"These artist’s renderings show one model of pulsar J1023 before (top) and after (bottom) its radio beacon (green) vanished. Normally, the pulsar’s wind staves off the companion’s gas stream. When the stream surges, an accretion disk forms and gamma-ray particle jets (magenta) obscure the radio beam."

SOURCE: http://www.sciencedaily.com/releases/2014/07/140722120452.htm
ohstarstuff:

The famous theoretical physicist John Archibald Wheeler coined the term “It from Bit”. He says that ”It” — every particle, every field of force, even the space-time continuum itself — derives its function, its meaning, its very existence entirely — even if in some contexts indirectly — from the apparatus-elicited answers to yes-or-no questions, binary choices, “bits.” This concept symbolizes the idea that every item of the physical world has at bottom — a very deep bottom, in most instances — an immaterial source and explanation; that which we call reality arises in the last analysis from the posing of yes-or-no questions and the registering of equipment-evoked responses; in short, that all things physical are information-theoretic in origin and that this is a participatory universe.

Wheeler speculated that we are part of a universe that is a work in progress; we are tiny patches of the universe looking at itself — and building itself. It’s not only the future that is still undetermined but the past as well. And by peering back into time, even all the way back to the Big Bang, our present observations select one out of many possible quantum histories for the universe.
At every moment, in Wheeler’s view, the entire universe is filled with events, where the possible outcomes of countless interactions become real, where the infinite variety inherent in quantum mechanics manifests as a physical cosmos. And we see only a tiny portion of that cosmos. Wheeler suspected that most of the universe consists of huge clouds of uncertainty that have not yet interacted either with a conscious observer or even with some lump of inanimate matter. He sees the universe as a vast arena containing realms where the past is not yet fixed.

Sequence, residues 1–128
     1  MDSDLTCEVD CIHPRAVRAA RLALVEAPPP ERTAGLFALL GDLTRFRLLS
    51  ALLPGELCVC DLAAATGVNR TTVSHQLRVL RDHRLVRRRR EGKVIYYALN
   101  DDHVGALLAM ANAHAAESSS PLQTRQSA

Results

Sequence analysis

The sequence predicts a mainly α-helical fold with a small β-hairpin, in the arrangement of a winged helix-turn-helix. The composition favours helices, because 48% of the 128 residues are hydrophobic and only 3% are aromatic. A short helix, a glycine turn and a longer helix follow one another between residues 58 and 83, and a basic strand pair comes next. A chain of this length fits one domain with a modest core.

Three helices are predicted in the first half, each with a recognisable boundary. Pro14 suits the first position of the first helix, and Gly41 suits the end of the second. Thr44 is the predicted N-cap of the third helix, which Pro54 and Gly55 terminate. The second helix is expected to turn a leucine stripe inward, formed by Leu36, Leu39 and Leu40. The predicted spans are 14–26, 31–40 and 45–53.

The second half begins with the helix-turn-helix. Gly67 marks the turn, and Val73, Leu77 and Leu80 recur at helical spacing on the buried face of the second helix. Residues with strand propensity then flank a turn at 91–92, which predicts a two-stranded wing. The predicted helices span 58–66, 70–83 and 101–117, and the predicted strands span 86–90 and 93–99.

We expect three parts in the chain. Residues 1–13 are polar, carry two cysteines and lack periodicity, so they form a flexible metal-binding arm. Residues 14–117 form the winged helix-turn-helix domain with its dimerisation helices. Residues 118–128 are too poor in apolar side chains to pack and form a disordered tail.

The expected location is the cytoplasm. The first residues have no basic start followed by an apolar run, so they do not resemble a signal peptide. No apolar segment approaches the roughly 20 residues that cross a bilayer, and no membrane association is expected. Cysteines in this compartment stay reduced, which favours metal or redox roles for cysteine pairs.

from Does the Universe Exist if We’re Not Looking?

Also check out fromquarkstoquasars article: John Wheeler’s Participatory Universe
View high resolution

ohstarstuff:

The famous theoretical physicist John Archibald Wheeler coined the term “It from Bit”. He says that ”It” — every particle, every field of force, even the space-time continuum itself — derives its function, its meaning, its very existence entirely — even if in some contexts indirectly — from the apparatus-elicited answers to yes-or-no questions, binary choices, “bits.” This concept symbolizes the idea that every item of the physical world has at bottom — a very deep bottom, in most instances — an immaterial source and explanation; that which we call reality arises in the last analysis from the posing of yes-or-no questions and the registering of equipment-evoked responses; in short, that all things physical are information-theoretic in origin and that this is a participatory universe.

Wheeler speculated that we are part of a universe that is a work in progress; we are tiny patches of the universe looking at itself — and building itself. It’s not only the future that is still undetermined but the past as well. And by peering back into time, even all the way back to the Big Bang, our present observations select one out of many possible quantum histories for the universe.